The first part of this article ("Surviving the sandstorm," May) focused on strategic growth as a critical imperative for accounting firms around the world. I noted the profession's historic hesitation to jump on the growth bandwagon and the impact of that decision.
The article also noted factors that are changing the profession. Here, I detail those factors and the need to address them in order to achieve sophisticated, lasting growth.
OUR WORLD IS CHANGING
I liken the shift in the global accounting landscape during the last few years to the dramatic sandstorms I observed while visiting Dubai. Strong, gusty winds stir up the desert sand, making it basically impossible to see. After the storm passes, the result is a radically altered topography. Our markets have gone through a similar permanent shift in the landscape over the last few years.
During the global recession, many accounting firms echoed a similar refrain: "This is no time to grow! We're barely hanging on as it is." Firms became singularly focused on battening down the hatches and cutting expenses. They are now left questioning how to grow in a significantly more complex environment - complex due to the convergence of multiple market dynamics.
Globalization. Globalization is perhaps the No. 1 element of change. Clients the world over are leading accountants to the global marketplace, and we need to be prepared to deliver what they require.
A 2012 white paper by the Association of Chartered Certified Accountants identified the drivers of change shaping the profession over the next decade, and globalization was high on the list. In order to survive, and certainly to grow, even mid-market firms must seek a place at the international table alongside our clients.
Succession. The aging of firm leaders is another critical factor. It's estimated that thousands of public accountants will retire within the next decade. Most concerning is that the exiting generation has not taught the next generation essential lessons in how to grow a firm.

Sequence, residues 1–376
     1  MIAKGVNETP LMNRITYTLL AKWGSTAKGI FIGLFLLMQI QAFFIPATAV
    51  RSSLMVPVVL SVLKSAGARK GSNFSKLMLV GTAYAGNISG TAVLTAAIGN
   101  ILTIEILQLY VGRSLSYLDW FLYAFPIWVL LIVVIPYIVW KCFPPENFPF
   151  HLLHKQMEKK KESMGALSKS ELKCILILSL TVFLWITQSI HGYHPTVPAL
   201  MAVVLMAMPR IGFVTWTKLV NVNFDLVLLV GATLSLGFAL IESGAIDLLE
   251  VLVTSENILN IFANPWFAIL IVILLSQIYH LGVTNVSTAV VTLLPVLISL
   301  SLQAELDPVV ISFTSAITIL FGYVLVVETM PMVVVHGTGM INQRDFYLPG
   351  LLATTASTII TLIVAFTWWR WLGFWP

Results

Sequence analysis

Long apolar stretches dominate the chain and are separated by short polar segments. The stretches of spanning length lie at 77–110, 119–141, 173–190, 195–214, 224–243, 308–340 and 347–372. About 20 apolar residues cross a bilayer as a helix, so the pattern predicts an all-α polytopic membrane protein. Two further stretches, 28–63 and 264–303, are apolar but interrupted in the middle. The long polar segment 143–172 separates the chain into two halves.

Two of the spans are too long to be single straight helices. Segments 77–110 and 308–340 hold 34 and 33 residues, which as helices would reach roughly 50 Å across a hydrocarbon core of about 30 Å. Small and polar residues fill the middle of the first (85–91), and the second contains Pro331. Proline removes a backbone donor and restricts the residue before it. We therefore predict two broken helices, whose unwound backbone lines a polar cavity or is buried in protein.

Regulatory rigor. Another driver of change is the increase in regulations and standards, especially in light of recent financial scandals and the banking collapse.
As new standards or regulations emerge, accountants certainly must provide clients with awareness and oversight on compliance issues. But most firms remain focused on the impact of regulatory change on the delivery of their service, to the exclusion of using these changes to drive new service innovation.
To counter this, audit and tax leaders must perceive their role as not only ensuring the quality of service delivery, but also influencing the strategic direction and profitable growth of their services.
Specialization and competition. Growth-minded firms recognize that the days of hanging out a shingle and waiting for business -- any business -- to walk in the door are over. Successful firms specialize, proactively identifying gaps in services, and then filling them with innovative, market-leading offerings.
This is especially important in a mature industry such as ours, characterized by fierce competition and an abundance of practitioners -- more than 700,000 CPAs, and even more chartered accountants worldwide.
Who's listening? Communication is another powerful change agent. Many firms are embracing social media to create communities of interest and share thought leadership. Social media enables globalized specialization because it gives a firm the power to attract a highly focused worldwide community of buyers.
But cutting-edge firms are taking the next step, with social media becoming the centerpiece of their Web presence. Traditional sites use text and photos to laud a firm's attributes, which is of little interest to most buyers, who are seeking answers to their problems.
Top firms are delivering sites that integrate Twitter, LinkedIn, Facebook and other social media channels as the very foundation of Web site design. Firms that fail to see this are destined to limit social media to a bolt-on to a traditional chest-thumping discussion about the firm.
Again, buyers don't care about eye-glazing Web site text that looks like every other firm's.
Growth is an increasingly sophisticated game. Firms that wish to compete must increase their knowledge and understanding of the forces acting on them and on the marketplace. Abraham Maslow, the psychologist behind the theory known as Maslow's Hierarchy of Needs, observed, "You will either step forward into growth or you will step back into safety."
Rally your team around the goal of sustainable, strategic growth and turn your intentions into a winning game plan. Start with a brainstorming session.
Post keywords on a flipchart: globalization, succession, regulation, specialization, competition and communication. Ask the group to envision the hypothetical implications of these on the growth of the firm.
It's more than an interesting exercise. It's an opportunity to strategize and identify the best approaches to positively impact your future growth.
Gale Crosley, CPA, is founder and principal of Crosley+Co. (www.crosleyconpany.com), providing revenue growth consulting and coaching to CPA firms. Reach her at email@example.com. This article originally appeared in The International Accounting Bulletin. Reprinted with permission.
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